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    AXJ EUROPE : HIGHEST COURT MAKES FILE SHARING LEGAL IN EUROPE

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    AXJ EUROPE : HIGHEST COURT MAKES FILE SHARING LEGAL IN EUROPE

    Post  Admin on Fri Nov 25, 2011 3:14 am

    European Court Overturns Rule on Illegal File Sharing



    AXJ PARIS
    25-11-11

    According to Mr. Eric Pfanner of the New York Times, the highest court in the European Union the Court of Justice of Luxembourg has ruled that Internet Service Providers ( ISP ) can not be required to monitor their customer's online activity nor censor nor filter sharing of music or other copyrighted material.

    See the article below:

    By ERIC PFANNER

    Published: November 24, 2011

    PARIS — The highest court in the European Union said on Thursday that Internet service providers could not be required to monitor their customers’ online activity to filter out the illegal sharing of music and other copyrighted material.

    The ruling, by the European Court of Justice in Luxembourg, is a setback for a Belgian group representing music copyright owners, which had sought tougher measures to crack down on online file sharing.

    The organization, Sabam, had sued a Belgian Internet provider, Scarlet Extended, saying its customers were illegally sharing music files.

    Sabam had won a ruling in a Belgian court, which said Scarlet should have to install a system to filter out any unauthorized exchanges of songs on its own, not just in response to complaints from copyright holders.

    The court in Luxembourg said such a requirement would be disproportionate, adding that it would violate “the freedom to conduct business, the right to protection of personal data and the freedom to receive or impart information.”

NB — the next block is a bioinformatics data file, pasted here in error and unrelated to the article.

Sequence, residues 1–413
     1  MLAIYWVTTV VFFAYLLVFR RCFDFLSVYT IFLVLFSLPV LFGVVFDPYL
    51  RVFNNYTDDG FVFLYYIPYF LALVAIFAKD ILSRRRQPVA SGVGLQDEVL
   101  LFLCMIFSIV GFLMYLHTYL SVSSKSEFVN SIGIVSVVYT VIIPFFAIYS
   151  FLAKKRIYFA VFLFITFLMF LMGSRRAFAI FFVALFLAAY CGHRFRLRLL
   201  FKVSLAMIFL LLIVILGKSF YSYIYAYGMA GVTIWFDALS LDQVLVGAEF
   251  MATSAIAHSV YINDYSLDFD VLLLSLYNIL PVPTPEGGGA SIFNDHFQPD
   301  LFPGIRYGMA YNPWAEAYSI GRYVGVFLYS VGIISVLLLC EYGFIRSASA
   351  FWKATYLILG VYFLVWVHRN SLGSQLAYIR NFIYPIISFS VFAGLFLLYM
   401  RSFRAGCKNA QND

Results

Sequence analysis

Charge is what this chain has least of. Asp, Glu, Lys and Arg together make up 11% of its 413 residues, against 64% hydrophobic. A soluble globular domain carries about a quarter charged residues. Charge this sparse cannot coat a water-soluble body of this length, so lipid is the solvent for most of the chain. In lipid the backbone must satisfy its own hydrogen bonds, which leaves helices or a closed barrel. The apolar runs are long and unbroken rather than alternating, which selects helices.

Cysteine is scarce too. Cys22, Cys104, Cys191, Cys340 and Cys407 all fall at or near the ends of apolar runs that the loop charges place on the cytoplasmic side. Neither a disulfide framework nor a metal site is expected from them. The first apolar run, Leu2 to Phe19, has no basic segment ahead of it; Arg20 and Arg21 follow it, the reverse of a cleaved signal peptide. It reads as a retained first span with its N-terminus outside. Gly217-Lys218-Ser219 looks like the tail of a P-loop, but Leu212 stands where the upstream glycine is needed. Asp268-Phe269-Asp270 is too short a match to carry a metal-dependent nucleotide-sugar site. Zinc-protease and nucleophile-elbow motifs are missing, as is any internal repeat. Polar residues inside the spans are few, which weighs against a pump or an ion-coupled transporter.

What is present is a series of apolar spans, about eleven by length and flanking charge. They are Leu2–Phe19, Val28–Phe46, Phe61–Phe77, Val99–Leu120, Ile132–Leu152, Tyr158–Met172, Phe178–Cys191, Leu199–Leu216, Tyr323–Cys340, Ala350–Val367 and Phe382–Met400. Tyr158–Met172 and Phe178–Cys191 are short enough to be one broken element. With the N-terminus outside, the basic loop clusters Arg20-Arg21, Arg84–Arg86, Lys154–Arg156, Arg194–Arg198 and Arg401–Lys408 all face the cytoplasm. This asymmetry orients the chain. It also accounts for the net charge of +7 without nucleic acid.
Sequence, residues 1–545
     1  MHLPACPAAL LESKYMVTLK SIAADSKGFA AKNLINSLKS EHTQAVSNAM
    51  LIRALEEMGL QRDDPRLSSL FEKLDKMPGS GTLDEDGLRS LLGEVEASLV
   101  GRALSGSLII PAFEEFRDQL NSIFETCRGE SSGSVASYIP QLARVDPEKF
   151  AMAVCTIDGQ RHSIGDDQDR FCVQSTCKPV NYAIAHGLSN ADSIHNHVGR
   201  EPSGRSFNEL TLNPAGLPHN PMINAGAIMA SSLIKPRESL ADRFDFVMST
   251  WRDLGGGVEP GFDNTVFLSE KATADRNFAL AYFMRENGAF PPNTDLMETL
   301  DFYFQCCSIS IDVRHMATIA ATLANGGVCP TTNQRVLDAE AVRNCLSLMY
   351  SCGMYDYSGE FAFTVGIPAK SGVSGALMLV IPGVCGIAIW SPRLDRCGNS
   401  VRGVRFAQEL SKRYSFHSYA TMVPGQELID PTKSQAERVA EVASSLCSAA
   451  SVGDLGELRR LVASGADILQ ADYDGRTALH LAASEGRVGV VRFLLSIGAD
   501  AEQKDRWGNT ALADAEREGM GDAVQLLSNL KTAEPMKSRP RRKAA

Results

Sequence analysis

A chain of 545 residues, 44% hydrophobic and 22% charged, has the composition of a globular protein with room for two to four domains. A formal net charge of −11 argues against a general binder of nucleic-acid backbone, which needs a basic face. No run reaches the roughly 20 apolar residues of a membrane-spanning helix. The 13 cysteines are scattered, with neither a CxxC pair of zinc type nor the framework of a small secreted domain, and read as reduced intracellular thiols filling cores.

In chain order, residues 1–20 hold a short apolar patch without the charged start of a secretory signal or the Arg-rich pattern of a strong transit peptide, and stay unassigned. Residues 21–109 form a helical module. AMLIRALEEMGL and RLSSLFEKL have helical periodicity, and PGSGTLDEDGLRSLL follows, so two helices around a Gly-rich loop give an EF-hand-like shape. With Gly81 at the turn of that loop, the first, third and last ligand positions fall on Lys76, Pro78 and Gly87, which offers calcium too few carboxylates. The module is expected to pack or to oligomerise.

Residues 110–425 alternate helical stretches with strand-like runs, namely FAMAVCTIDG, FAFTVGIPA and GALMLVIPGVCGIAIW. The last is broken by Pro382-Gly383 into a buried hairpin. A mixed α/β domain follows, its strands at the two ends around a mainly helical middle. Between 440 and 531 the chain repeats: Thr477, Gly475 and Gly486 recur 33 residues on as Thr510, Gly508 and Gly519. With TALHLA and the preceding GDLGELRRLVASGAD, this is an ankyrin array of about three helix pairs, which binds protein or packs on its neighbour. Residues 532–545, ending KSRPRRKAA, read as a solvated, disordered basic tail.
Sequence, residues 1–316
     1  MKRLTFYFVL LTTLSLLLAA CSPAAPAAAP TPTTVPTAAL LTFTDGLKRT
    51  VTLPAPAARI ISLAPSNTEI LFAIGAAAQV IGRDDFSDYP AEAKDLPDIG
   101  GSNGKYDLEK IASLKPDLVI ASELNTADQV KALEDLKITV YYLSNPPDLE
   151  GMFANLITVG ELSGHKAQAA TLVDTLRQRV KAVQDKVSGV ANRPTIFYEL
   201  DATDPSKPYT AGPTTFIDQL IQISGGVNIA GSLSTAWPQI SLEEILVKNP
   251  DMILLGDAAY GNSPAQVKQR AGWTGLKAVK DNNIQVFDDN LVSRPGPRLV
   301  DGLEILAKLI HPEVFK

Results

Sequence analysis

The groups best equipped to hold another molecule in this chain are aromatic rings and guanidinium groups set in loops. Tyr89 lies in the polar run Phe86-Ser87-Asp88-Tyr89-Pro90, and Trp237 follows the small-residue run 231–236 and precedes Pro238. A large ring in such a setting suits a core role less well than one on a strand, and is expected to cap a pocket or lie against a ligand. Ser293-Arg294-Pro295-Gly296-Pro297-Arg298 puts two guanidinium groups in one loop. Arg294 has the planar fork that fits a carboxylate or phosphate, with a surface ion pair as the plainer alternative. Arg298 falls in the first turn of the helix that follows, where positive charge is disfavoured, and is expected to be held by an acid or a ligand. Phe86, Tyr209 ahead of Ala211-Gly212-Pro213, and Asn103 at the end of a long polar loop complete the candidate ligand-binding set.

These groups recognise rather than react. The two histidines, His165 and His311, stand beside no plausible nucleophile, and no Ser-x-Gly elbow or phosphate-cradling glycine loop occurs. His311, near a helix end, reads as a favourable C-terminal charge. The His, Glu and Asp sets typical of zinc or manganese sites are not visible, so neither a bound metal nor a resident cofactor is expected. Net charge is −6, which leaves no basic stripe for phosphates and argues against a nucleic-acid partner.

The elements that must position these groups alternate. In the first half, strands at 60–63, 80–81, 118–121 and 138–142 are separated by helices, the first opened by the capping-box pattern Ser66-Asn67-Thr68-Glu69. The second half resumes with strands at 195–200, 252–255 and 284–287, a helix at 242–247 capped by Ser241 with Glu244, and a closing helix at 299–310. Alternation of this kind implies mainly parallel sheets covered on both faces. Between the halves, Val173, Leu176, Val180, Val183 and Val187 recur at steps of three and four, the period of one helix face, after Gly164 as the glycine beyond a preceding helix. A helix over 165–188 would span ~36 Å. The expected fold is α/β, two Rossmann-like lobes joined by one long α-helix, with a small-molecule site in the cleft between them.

“E.U. law precludes an injunction made against an Internet service provider requiring it to install a system for filtering all electronic communications passing via its services, which applies indiscriminately to all its customers, as a preventive measure, exclusively at its expense, and for an unlimited period,” the court wrote.

    Lobbying groups for Internet service providers and for consumers hailed the decision.

    “This judgment sends a crystal-clear signal,” said Monique Goyens, director general of B.E.U.C., a Brussels group that lobbies for consumer rights. “Internet providers cannot be asked to police consumers’ use of the Web.”

    Malcolm Hutty, president of EuroISPA, a service providers’ lobbying group, added, “This ruling is of fundamental importance for the future of the Internet and the development of a strong digital single market.”

    The music industry shrugged off the implications of the decision. Other measures to curb illegal file sharing, including the blocking of Web sites that enable piracy and the cutoff of persistent file-sharers’ Internet connections, will not be affected, the industry’s international lobbying group said.

    “In this particular case, the court rejected the content-filtering measure presented by the Belgian court as too broad,” Frances Moore, chief executive of the International Federation of the Phonographic Industry, said in a statement. “However, this does not affect the forms of I.S.P. cooperation that I.F.P.I. advocates.”

    Indeed, a recent court ruling in Britain required an Internet provider, BT, to block access to a Web site called Newzbin2, which was found to have made pirated content available to customers.

    Source : http://www.nytimes.com/2011/11/25/technology/eu-court-rejects-call-for-isps-to-curb-illegal-file-sharing.html

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